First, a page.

Human beings have fancied machines capable of understanding their deepest, darkest emotions for years. Only now, significant advancements in machine learning as well as voice and image recognition, may allow the notion to come to life. After popularizing the use of voice commands at home through its Echo line of smart speakers and Alexa voice assistant, Amazon’s next frontier seems to be one that lets machines decode human emotions – through a new smart wearable (that does not have a name yet) and of course, Alexa.
According to a Bloomberg report, Amazon’s Lab126 hardware division (that’s behind its Echo speakers and Fire devices) and Alexa team are jointly working on a project code-named Dylan. Although finer details of project Dylan remain a mystery for now, “documents and a person familiar with the program” suggest Amazon is working on a smart wearable with microphones that’s designed to work with a smartphone app.
This wearable is said to be capable of understanding human emotions from the sound of their voice and “eventually the technology could be able to advise the wearer how to interact more effectively with others.”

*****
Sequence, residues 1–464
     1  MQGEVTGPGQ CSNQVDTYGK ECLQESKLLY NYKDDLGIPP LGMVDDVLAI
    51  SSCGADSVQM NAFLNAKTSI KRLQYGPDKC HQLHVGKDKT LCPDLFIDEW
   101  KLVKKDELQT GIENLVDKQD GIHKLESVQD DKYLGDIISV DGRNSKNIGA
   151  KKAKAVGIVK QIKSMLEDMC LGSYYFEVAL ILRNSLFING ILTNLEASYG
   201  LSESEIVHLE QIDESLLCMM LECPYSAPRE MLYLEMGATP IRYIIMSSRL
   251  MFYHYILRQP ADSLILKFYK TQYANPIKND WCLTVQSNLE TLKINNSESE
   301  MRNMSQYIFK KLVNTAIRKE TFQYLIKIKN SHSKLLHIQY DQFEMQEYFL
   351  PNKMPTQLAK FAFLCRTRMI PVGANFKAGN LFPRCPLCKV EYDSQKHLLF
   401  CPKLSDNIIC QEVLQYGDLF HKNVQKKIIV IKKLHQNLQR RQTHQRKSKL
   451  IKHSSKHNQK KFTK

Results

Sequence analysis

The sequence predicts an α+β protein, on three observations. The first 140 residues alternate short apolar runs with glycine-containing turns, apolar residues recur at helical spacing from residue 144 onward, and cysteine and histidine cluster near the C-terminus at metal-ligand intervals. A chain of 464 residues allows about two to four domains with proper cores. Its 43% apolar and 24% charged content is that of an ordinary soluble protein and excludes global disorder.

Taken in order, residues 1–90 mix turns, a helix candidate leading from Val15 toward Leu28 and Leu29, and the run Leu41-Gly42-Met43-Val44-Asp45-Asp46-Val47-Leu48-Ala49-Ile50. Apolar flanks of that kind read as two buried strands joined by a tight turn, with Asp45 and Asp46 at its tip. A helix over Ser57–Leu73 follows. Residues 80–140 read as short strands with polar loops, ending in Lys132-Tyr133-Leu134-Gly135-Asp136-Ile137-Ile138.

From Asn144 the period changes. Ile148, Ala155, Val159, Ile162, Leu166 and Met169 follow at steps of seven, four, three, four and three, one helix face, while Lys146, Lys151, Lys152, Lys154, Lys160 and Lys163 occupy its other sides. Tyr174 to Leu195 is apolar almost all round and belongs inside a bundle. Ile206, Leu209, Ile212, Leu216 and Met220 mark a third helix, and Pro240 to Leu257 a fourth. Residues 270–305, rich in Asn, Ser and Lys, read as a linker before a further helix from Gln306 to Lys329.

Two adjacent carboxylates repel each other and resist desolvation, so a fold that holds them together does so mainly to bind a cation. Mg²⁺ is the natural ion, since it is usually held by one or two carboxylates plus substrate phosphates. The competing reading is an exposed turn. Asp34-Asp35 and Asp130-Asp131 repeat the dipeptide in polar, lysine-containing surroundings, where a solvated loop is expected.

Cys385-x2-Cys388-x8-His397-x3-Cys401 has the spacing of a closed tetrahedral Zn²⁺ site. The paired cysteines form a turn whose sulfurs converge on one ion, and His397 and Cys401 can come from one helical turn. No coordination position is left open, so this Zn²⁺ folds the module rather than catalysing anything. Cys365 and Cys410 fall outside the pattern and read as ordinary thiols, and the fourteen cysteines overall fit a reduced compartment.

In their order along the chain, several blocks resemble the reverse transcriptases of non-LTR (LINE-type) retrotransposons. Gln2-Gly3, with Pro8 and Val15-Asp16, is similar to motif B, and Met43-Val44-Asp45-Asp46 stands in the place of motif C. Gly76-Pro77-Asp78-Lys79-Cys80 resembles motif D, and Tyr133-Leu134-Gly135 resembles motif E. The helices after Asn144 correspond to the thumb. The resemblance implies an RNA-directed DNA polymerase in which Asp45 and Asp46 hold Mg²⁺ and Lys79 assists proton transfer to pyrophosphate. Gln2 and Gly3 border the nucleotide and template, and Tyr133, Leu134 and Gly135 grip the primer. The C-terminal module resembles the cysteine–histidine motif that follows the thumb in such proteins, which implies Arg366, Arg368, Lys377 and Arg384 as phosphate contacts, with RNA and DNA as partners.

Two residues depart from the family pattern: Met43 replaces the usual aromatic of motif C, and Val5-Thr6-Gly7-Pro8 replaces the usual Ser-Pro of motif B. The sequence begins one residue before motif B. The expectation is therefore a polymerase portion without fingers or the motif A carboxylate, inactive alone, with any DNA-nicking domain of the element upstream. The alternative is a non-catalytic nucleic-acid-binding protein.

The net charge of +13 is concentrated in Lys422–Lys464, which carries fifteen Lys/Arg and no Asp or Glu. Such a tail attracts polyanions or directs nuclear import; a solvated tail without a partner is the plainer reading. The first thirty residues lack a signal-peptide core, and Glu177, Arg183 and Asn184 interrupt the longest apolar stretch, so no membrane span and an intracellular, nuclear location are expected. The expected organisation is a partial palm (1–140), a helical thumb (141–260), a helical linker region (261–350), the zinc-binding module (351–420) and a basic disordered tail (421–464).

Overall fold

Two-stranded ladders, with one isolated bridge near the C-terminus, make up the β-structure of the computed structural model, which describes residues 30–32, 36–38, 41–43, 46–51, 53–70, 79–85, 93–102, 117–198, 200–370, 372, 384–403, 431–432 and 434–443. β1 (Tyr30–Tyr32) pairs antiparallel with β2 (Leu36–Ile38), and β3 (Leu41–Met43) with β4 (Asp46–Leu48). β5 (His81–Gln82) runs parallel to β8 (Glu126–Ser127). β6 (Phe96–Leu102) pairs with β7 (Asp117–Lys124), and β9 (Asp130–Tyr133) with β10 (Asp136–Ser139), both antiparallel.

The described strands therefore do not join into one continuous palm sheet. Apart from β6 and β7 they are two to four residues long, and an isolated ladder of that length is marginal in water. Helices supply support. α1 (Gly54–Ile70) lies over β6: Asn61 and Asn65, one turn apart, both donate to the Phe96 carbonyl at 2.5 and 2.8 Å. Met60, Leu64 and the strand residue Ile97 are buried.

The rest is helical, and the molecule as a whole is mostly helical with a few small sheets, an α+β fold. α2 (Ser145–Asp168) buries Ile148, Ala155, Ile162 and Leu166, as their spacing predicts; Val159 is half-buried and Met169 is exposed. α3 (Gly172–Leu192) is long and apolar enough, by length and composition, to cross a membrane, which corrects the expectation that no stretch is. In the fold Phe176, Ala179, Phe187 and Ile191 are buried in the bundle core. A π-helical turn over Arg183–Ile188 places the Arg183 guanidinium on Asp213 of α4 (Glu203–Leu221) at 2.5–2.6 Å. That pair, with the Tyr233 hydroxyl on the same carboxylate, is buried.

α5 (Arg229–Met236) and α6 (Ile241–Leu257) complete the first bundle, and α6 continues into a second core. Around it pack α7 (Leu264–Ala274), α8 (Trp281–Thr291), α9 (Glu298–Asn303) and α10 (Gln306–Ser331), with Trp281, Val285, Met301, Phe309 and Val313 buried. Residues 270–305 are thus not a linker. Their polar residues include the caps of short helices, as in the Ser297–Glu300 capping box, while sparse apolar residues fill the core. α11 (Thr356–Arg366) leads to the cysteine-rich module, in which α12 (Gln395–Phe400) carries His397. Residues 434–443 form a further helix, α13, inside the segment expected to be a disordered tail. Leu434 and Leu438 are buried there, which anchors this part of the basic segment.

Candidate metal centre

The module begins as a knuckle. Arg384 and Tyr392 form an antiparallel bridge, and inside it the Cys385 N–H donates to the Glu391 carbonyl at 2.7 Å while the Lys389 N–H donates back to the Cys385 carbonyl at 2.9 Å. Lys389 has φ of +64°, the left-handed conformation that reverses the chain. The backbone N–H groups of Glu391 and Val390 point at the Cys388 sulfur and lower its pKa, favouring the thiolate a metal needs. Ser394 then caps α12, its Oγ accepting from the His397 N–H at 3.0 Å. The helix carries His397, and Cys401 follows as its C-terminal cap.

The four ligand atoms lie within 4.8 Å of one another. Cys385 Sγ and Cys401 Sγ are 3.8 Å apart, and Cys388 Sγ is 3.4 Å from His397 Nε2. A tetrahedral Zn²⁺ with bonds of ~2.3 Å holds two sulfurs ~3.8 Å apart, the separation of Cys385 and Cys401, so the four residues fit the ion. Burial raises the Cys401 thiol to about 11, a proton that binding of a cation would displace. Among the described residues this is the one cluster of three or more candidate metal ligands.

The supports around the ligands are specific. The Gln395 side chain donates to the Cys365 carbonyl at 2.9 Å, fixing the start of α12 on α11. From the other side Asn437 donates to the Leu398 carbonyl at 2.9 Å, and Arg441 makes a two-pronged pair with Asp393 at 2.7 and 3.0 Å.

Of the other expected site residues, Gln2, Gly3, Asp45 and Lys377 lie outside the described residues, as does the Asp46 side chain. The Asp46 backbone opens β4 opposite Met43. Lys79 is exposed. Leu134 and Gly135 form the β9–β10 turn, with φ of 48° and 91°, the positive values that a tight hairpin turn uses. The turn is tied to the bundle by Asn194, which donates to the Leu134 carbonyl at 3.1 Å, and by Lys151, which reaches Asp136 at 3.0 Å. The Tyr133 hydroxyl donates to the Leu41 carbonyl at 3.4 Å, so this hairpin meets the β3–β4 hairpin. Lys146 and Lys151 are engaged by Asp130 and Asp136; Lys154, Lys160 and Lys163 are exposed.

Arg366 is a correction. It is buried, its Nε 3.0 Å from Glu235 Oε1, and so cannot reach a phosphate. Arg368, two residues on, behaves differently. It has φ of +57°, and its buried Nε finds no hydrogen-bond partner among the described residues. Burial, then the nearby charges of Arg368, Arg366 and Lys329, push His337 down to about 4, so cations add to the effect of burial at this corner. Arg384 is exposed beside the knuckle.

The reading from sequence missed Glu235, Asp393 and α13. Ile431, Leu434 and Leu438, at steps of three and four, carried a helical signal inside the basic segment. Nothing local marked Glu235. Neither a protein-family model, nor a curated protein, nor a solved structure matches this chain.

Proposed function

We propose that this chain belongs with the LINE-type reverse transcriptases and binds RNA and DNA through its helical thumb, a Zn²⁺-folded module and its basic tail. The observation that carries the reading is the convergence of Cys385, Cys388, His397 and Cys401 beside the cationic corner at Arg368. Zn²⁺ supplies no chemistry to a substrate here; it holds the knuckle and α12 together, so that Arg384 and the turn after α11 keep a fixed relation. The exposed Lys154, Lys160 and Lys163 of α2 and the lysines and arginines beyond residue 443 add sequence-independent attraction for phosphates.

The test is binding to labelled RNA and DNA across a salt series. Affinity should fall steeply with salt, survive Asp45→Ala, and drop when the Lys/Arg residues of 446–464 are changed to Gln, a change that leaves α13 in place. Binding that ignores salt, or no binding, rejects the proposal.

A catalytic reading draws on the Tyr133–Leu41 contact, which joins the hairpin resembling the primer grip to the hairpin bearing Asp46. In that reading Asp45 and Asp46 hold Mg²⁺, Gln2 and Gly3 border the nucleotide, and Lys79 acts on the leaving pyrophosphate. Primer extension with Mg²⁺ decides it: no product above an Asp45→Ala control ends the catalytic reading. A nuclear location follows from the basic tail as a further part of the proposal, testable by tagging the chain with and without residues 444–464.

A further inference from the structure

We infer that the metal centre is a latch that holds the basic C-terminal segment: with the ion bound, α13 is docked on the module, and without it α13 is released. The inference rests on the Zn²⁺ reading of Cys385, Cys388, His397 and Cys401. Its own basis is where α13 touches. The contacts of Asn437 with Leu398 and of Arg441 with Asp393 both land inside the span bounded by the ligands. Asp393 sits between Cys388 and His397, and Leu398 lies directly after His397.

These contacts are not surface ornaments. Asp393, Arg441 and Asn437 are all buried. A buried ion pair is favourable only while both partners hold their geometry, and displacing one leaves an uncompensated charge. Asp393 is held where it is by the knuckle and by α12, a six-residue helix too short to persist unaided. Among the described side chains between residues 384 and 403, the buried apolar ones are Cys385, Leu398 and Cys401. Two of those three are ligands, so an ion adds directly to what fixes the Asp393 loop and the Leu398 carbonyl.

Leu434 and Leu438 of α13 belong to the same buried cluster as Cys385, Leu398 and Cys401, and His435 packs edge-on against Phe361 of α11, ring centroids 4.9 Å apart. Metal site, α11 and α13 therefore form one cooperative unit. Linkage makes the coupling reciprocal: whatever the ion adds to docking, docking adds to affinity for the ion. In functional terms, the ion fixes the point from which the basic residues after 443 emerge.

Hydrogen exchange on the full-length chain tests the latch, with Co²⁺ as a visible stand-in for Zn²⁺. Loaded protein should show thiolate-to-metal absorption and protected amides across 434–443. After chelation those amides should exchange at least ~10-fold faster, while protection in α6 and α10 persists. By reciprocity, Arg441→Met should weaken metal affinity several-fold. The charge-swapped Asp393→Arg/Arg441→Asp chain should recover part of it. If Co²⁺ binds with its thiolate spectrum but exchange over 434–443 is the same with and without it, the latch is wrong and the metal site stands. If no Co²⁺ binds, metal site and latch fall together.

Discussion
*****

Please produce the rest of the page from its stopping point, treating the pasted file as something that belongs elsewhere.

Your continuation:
Project Dylan seems to be roughly based on a patent that Amazon had filed in the US in 2017 describing a system that would be capable of recognizing a range of human emotions including “joy, anger, sorrow, sadness, fear, disgust, boredom, stress, or other emotional states,” after analyzing the individuals vocal patterns. Amazon could then use the information to offer tailored responses.
Amazon’s purported smart wearable could serve as a novel health and wellness device, but it also raises many privacy concerns – concerns that have heightened after it recently came to light that Amazon reportedly has a team listening to audio clips captured by its Echo speakers. A smart device like the one Dylan aspires to achieve has the potential to entail in Amazon getting unconditional access to a treasure trove of personal information after all.
But we do not know if such a product will ever be commercialized yet. Companies like Amazon are known to simultaneously work on a host of such projects – not all make it to the mass market.